Why pianos still play a key role

Rumour has it we are falling out of love with the piano. Except someone forgot to tell Yorkshire, it seems. Amy Fell reports.

Piano technician Joe Ellis fixing the hammers into place in a Cavandish Classic Piano

Some would argue the statistics speak for themselves.

Today around 4,000 acoustic pianos are sold in Britain each year. In the late 1960s, the figure hovered around 14,000. In the 1920s pretty much every town and city boasted if not its own piano manufacturer then a dozen or so tuners. At the last count there were just three manufacturers in the whole of the country and just a handful still skilled in the art of perfect pitch.

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The days when a piano was considered as much a part of home furnishings as a sofa and a dining room table are long gone and many instruments, once considered family heirlooms, are either gathering dust in garages or being sent to the local tip.

It all makes for a pretty bleak picture, but in Yorkshire at least it seems that it’s not quite time to administer the piano’s last rites. Cavendish Pianos, one of the UK’s trio of piano manufacturers, is not only surviving but thriving. Founder Adam Cox previously worked for the family-run Headingley Pianos and decided to start Cavendish two and a half years ago when Kemble was bought out by Yamaha and stopped its UK production. The firm, based in Bolton Abbey, currently makes 50 pianos a year and Adam believes its success is at least in part down to Yorkshire’s tradition of artistry.

“When Kemble stopped producing pianos in the UK we thought that’s a shame, let’s make them ourselves,” he says. “I suppose it’s a cliche for Yorkshire – grittiness and manufacturing – but there are a lot of artisans where I live in Otley where we get our piano cases made. There is still a big wood craft industry going on in what was the birthplace of Chippendale and that great tradition of craft work lends itself perfectly to piano making.

“Of course times have changed. We are no longer in the days when every back-to-back in Leeds was built with a 56in alcove between the wall and the fireplace to accommodate the piano. It was the home entertainment system of its day, but while we have since had the radio, the gramophone and television, people who are in to playing music still hold the piano as central.

“There’s a huge misconception about playing the piano – that you do it for other people. You don’t. It’s a bit like reading a book, you do it for yourself and for one reason: enjoyment. This whole ‘fallen out of tune’ with the piano is nonsense. More pianos are made and sold that ever in the history of mankind. I think people who ask, ‘has the piano had its day?’ are not interested in music. If they were, they simply wouldn’t ask the question.”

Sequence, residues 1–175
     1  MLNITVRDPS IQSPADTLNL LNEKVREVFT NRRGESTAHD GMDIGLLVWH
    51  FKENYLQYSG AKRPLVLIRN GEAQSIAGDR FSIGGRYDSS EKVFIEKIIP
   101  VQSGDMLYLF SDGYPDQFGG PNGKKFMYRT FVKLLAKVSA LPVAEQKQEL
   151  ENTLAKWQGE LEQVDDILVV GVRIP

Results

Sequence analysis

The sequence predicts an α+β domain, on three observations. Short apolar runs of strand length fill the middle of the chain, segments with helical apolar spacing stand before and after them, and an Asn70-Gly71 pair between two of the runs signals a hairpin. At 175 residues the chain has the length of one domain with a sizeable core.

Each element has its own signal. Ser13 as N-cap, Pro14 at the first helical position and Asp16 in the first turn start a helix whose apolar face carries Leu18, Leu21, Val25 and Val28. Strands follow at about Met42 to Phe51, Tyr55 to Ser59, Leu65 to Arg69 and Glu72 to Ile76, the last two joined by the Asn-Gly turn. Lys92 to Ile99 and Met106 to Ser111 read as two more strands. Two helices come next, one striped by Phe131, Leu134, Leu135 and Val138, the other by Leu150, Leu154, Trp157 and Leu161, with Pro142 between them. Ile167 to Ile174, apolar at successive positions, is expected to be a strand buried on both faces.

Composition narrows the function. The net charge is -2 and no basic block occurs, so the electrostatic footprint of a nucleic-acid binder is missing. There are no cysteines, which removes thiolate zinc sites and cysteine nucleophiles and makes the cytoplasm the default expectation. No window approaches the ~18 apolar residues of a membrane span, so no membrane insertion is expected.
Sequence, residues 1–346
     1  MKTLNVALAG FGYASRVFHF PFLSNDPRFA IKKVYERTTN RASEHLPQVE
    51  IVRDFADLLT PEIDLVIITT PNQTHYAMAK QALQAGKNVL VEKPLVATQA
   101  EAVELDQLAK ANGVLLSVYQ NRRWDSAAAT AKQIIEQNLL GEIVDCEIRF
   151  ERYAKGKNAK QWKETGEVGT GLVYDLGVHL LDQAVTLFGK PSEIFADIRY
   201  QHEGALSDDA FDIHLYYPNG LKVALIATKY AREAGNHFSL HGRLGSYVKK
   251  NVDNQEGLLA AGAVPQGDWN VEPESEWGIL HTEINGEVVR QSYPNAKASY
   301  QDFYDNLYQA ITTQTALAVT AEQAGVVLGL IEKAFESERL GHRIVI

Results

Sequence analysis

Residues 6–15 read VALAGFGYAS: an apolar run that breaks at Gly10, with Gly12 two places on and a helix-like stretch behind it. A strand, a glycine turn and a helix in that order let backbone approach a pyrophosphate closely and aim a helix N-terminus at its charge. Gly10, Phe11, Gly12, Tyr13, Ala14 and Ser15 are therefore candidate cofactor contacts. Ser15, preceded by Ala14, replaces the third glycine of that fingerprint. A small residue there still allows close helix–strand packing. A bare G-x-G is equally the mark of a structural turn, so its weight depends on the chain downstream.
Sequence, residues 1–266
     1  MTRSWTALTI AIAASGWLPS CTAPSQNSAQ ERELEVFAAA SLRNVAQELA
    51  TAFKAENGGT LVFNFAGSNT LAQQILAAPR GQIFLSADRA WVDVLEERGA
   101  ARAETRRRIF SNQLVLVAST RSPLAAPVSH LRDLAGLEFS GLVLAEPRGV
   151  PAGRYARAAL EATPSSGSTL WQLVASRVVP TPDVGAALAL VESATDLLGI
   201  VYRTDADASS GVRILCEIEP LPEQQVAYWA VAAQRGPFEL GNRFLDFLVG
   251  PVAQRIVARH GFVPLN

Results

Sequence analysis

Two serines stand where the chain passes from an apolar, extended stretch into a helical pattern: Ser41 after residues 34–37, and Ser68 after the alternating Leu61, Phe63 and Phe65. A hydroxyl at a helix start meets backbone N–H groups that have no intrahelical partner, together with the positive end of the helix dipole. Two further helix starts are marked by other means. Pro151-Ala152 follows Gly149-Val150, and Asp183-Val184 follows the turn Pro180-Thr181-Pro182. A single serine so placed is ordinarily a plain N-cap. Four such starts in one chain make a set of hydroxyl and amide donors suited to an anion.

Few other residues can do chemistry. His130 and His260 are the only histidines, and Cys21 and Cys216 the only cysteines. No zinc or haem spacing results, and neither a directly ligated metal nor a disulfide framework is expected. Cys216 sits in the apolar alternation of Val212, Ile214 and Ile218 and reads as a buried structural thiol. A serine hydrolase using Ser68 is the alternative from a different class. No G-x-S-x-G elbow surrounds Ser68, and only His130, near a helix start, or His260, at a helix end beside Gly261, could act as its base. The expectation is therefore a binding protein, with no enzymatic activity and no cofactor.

Across in Harrogate, there is further evidence of the piano’s continuing popularity. The spa town is currently hosting its 20th Spring Series of recitals as part of Harrogate International Festivals. The concerts feature some of the world’s finest classical and chamber musicians and this year it’s the piano recitals which are proving the most popular.

Which is welcome news for Harrogate International Festival’s honorary president Dame Fanny Waterman, who almost single-handedly put Leeds on the musical map when in the early 1960s she decided to launch her own competition for rising stars. The Leeds International Pianoforte Competition is known the world over, but there hasn’t been a UK winner since Ian Hobson back in 1981 and Dame Fanny is prepared to sound a note of caution about the state of the nation’s musical skills.

“My concern is we are not starting early enough in this country,” says the indomitable 92-year-old. “In Hong Kong babies of two or three-years-old are learning the piano. In this country, children aren’t learning the important arts – they aren’t going to galleries, they aren’t learning about beautiful compositions, pieces that when played and you close your eyes you understand beauty.”

However, as Alan Rusbridger has recently proved age should not be a barrier to learning the barrier. The 56-year-old Guardian Editor set himself the challenge of learning Chopin’s Ballade No 1 in G minor, Op 23, described as one of the hardest pieces in the composer’s repertoire. It took him 16 months, but he did it and so proved that you can teach an old dog new tricks.

“When children see a piano it’s fantastic,” says Adam. “But you really don’t have to start young. Often parents buy pianos for their children and it’s they who end up taking it up.”

And while there are those who are content to blame the internet for the death of the album and for a decline in music in general, Adam believes that when it comes to the piano it has opened it up to a whole new audience.

“The internet is an incredibly good platform to learn the guitar or the piano,” he says. “Before, no matter how much you were interested you couldn’t pursue the piano unless your parents had money for lessons. Everyone bangs on about how dreadful computer games are but they teach hand movements, finesse – it’s the same skills as playing piano.”

Dame Fanny is much more of a traditionalist, but on one point she and Adam do agree – the piano is good for the soul. “It comforts in times of sadness, rejoices with you in happiness,” she says. “It’s always there from birth to grave, right to the end. And it’s therapeutic. If you’re interested in classical music or not, music is everything. People living in the forest banged drums. Rhythm is the spine of life, from the minutes ticking away, to the hours weeks and seasons passing, life is rhythm.”

Bookings are now open for Harrogate International Festivals’ Spring Sunday series, 01423 562303, www.harrogateinternationalfestivals.com/whats-on